debate between Joe Biden and Paul Ryan pleasant. Enough missed retaliations and corrections to feel like a lot was conceded. Mannerly smile-smirks met by toothy chuckles; words smothered by rude interjections.
Is this a bad haiku or two men who might be called upon to lead our nation's military?
You could see they were both well-practiced, Biden in his role as froth-mouthed attack dog aiming to make up for the feckless performance of his boss Obama in last week's first presidential candidate debate. But which of Biden's handlers approved his inappropriate laughter? With the split-screen Fox provided, Biden's toothy chortles while Ryan spoke seriously about terrorism were distracting (as Biden intended, I'm sure) but served only to make the current VP seem obnoxiously rude. These outbursts early in the debate showed such lack of respect that they're probably the single most-remembered aspect of the evening.
Ryan set his role as the confident intellectual prepared to parry Biden's jabs and keep focus like a laser beam on the failures of hope-and-change to revitalize the economy.
Both challengers knew what to expect, and applied their strategies in annoying ways. At the end, both had some meaty paragraphs and flubs. With Biden's giggles and Ryan's restraint when response would've helped, it could be called a draw.
Watching the debate in a theater with 250 listeners of the Michael Medved Show allowed instant, audible reactions, just where you'd expect conservatives to offer them. But I attempted to perceive the interaction through the eyes of an Obamaite, and as such found many places where Biden's stutters and hesitations could be overlooked in favor of never-refuted arguments.
Such as: the idea that Romney and conservative lawmakers "hold hostage" tax cuts for the middle class in order to protect them for the wealthiest. Such as his answer on abortion saying he "wouldn't impose" his Catholic life-begins-at-conception belief on those of other faiths, and "wouldn't interfere" with the Supreme Court. Ryan gave a serviceable answer on the role of his own Catholicism (recalling the ultrasound of his first child) but seemed to imply that Romney-Ryan might work to further their "policy" against abortion except in cases of rape, incest and danger to the life of the mother.
More score for Biden: Insisting that our troops would withdraw from Afghanistan by the planned 2014 replaced by Afghani troops they'd trained. Ryan kept repeating that a withdrawal would endanger the remainder of US soldiers, and seemed deaf to Biden's assurance they'd only leave when replaced by locals. Biden had a "gotcha" moment when he recalled Ryan's letter asking for some Stimulus money for a local project, right after Ryan put down the Stimulus package as wasteful and ineffective.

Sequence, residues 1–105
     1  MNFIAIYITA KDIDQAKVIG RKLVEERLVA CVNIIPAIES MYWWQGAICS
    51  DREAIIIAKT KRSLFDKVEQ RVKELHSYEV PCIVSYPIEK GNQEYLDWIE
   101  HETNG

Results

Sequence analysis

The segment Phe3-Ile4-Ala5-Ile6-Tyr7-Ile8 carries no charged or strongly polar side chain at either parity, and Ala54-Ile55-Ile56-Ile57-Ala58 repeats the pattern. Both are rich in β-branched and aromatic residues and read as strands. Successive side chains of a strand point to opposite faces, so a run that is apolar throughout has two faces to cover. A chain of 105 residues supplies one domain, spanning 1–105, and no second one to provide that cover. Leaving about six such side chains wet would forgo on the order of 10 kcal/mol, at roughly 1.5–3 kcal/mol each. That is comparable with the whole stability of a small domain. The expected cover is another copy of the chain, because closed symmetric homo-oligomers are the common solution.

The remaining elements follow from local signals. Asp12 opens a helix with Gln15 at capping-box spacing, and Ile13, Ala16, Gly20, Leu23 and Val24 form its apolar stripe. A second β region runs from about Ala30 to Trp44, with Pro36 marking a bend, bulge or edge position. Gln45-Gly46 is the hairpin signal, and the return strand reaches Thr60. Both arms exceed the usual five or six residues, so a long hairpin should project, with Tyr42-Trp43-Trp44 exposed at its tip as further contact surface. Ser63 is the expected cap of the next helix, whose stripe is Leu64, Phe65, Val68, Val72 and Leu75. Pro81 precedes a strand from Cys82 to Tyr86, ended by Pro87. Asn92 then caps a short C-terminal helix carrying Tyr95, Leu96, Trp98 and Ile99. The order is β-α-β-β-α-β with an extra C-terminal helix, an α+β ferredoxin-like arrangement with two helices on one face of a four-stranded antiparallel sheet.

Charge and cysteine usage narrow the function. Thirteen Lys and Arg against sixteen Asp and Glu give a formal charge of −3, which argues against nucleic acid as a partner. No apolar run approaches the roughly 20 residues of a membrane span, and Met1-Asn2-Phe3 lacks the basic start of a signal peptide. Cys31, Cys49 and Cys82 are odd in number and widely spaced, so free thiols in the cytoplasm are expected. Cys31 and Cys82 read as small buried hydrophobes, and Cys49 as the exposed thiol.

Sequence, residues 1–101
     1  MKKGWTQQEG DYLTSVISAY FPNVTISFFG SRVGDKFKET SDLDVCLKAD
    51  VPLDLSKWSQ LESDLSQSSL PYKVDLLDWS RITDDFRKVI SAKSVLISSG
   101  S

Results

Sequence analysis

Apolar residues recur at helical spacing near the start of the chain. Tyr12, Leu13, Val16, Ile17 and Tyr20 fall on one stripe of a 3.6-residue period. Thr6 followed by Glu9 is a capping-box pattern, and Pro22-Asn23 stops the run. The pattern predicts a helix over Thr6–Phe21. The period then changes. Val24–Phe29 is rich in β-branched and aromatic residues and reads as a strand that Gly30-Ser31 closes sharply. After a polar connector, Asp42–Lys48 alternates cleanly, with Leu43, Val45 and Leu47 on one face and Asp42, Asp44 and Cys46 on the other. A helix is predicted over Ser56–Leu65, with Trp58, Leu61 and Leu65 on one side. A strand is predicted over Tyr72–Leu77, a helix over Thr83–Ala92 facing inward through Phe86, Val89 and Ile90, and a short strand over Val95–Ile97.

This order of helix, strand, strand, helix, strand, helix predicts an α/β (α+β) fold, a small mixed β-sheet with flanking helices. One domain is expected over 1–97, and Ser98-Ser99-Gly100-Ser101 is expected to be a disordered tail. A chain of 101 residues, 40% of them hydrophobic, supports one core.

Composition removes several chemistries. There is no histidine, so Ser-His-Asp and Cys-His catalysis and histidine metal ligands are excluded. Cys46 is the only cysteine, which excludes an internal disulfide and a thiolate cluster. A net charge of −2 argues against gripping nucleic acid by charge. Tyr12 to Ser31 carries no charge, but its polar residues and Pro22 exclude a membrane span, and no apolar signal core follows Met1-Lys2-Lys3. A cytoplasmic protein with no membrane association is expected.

But Biden had plenty of missteps. As a commenter at our viewing said afterward, "If somebody has to tell me to trust him, I won't." Like this retort on Medicare: "These guys haven't been big on Medicare from the beginning, and they've always been about Social Security as little as you can do. (turns to camera) Look, folks, use your common sense. Who do you trust on this? A man who introduced a bill that would raise it $6,400 a year, knowing it and passing it, and Romney saying he'd sign it? Or me and the president?"
Biden did well to use the "talk directly to the camera" strategy, which he employed three times. Also on Medicare: "Any senior out there, ask yourself: Do you have more benefits today? You do. If you're near the doughnut hole, you have $600 more to help your prescription drug costs. You get wellness visits without copays...Now they got a new plan. Trust me, it's not going to cost you any more. Folks, follow your instincts on this one."
Ryan kept his gaze on the moderator, Martha Raddatz, which gave viewers at home an angled view of his face. He only looked squarely into the camera for his masterful summary statement, a pity, because when you felt he was focusing on you, he was superbly sympathetic. He gave Biden and the camera only a few cursory glances the rest of the time, so Biden's spaced-out full-frontal pleas reminded viewers he was aware of them, a definite advantage.
Ryan used the same tool three times to discredit Biden assertions: "You see, if you don't have a good record to run on, then you paint your opponent as someone to run from. That was what President Obama said in 2008. It's what he's (Biden's) doing right now." It was good the first time. Advice to Romney for the next debate: Don't talk about your opponent's tactics unless you need filler and can't directly answer what he's saying.
Truth is, the take-away for viewers was formed in the first 10 minutes, and as the discussion ambled in a series of interruptions through a lot of confusing foreign events and policy, remote controls were clicking off across America. And that take-away was an earnest, focused Paul Ryan swatting away the disrespectful, chuckling insertions by Joe Biden, whose know-it-all finger-wagging and jiggle-jawed insistence was distinguished not by its substance, but by its style and tone.